"The questions propounded on cross-examination of plaintiff * * * were proper if asked in good faith for the purpose of impeachment in the event of denial, and had objection been made the court would be obliged to overrule the objection. Proof of the facts involved in such questions would obviously affect plaintiff's present claim for injuries, pain and suffering. Innuendoes involved in such questions are sometimes more damaging than an effort to prove the impeaching facts. When no witness is offered to impeach plaintiff and, therefore, no opportunity for cross-examination presented, the prejudicial effect springing from such questions cannot always be overcome, and results in an unfair trial to a plaintiff. If, under the guise and pretense of laying a foundation for impeachment, a plaintiff could be asked questions that would affect her credibility, such as a supposed former conviction for a felony [citations], where production of the record of conviction is not required, and no proof made or offered, when there is a denial of the fact; or suppose questions were asked concerning alleged conversation with others, which involves very damaging supposed admissions against interest, and though denied by the witness, no proof is offered to impeach, such type of cross-examination, if approved, could succeed in defeating many a meritorious cause." 334 Ill. App. 313, 318-19.
• 2 Another instance of cross-examination that was not supported by competent evidence concerned plaintiff's relationship with a 12-year-old girl. Defense counsel repeatedly asked plaintiff whether he had "harassed," "grabbed" or "chased" this "little girl" just before his second hospitalization in April of 1979. Plaintiff denied these accusations. Defense counsel also inquired whether plaintiff had told two police officers what he "did to that little girl." Counsel interrupted plaintiff and did not permit him to complete his answer. Plaintiff admitted that an officer took him into custody on April 17, 1979, because of an incident involving the young girl.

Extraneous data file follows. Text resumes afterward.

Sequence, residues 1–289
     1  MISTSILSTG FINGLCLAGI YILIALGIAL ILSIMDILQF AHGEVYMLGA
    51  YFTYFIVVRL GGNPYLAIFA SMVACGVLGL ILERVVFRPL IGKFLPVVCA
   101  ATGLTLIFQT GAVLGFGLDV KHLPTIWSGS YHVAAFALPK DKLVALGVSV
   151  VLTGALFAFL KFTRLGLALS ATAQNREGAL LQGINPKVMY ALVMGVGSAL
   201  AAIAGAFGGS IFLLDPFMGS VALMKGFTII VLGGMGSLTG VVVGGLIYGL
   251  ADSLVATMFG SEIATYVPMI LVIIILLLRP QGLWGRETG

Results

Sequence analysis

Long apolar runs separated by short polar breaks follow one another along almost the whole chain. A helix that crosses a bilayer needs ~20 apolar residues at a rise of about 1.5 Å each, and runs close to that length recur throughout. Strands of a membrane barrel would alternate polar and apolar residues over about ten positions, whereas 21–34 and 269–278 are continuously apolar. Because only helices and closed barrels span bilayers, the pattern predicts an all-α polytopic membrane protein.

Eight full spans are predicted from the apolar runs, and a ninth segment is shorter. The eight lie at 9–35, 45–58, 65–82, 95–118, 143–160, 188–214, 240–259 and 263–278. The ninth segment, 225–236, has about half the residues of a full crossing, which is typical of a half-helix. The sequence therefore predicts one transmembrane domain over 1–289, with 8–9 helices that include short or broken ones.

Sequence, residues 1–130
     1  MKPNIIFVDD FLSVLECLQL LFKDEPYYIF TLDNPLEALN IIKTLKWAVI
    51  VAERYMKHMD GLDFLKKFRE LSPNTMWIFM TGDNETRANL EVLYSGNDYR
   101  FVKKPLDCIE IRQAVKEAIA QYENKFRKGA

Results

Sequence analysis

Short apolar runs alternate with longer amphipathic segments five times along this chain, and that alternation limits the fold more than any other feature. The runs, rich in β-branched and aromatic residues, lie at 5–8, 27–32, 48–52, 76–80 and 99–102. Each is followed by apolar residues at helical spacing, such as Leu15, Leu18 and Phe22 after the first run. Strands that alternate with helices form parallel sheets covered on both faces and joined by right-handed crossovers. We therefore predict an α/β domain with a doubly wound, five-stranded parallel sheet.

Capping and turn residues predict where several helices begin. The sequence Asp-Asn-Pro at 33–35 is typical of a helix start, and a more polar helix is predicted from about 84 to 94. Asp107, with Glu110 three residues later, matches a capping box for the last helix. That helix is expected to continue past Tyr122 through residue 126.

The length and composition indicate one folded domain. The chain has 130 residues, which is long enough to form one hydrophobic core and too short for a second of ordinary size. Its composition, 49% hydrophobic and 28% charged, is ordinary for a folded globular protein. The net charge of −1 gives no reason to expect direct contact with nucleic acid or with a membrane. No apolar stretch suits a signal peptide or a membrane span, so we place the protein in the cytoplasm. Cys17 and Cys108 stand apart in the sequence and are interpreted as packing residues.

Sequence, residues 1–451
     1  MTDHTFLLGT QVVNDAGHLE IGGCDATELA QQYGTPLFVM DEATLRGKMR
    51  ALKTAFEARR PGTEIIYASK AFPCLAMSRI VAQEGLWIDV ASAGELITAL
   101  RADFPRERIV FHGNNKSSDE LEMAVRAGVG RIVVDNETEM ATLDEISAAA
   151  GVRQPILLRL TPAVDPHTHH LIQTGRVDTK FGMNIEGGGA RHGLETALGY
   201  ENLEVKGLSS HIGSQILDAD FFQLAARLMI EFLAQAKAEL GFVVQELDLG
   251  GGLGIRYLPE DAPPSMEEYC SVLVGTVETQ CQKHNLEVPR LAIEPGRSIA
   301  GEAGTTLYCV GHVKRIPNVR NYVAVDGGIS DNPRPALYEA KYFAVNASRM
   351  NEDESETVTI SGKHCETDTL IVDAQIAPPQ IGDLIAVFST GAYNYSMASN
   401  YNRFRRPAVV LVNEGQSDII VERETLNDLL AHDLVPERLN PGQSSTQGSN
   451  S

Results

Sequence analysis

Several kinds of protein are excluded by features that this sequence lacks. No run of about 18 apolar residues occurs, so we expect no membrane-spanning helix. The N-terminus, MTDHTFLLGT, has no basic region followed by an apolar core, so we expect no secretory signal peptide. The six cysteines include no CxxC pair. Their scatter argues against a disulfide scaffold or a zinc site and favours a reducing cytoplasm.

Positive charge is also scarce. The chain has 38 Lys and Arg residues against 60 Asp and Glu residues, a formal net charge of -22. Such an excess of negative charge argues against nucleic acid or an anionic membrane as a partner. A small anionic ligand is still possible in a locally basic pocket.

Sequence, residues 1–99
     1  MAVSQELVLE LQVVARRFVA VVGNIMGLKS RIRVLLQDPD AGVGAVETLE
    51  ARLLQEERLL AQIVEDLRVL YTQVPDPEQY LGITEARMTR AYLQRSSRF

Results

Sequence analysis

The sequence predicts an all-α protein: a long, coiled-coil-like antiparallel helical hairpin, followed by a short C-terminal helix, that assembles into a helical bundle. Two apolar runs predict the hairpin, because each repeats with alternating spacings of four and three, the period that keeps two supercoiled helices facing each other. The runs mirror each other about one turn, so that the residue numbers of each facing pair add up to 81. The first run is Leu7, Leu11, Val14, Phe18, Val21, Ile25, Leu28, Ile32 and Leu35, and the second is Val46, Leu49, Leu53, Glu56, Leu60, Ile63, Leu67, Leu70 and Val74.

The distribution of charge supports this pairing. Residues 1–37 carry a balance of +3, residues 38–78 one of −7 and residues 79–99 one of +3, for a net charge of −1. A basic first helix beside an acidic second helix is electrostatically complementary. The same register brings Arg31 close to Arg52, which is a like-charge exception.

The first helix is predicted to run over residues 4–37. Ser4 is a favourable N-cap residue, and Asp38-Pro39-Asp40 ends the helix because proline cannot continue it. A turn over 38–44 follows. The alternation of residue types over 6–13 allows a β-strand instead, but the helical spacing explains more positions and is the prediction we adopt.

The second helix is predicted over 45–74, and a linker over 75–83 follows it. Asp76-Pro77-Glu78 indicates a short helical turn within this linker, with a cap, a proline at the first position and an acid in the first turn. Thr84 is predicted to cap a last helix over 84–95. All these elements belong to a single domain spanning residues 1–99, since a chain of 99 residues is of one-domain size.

Despite his assurances to the court and plaintiff's counsel "to tie it all up," defense counsel failed to produce the police officers to testify about the alleged incident between plaintiff and "the little girl." Nor did he offer any expert testimony attributing plaintiff's psychological problems or his second hospitalization to the "incident" with "the little girl."
Defendants, however, assert that the incident was established by a defense witness' reference to a notation in one of plaintiff's hospital records that plaintiff "was accused by a neighborhood lady of accosting her fourteen-year-old daughter." Plaintiff's hospital records were not introduced into evidence and the physician to whom plaintiff allegedly made the statement did not testify. Citing Wilson v. Clark (1981), 84 Ill.2d 186, 417 N.E.2d 1322, defendants argue that the witness could rely on the notation in the records as substantive evidence that the incident occurred. In our judgment, defendants have misread Wilson.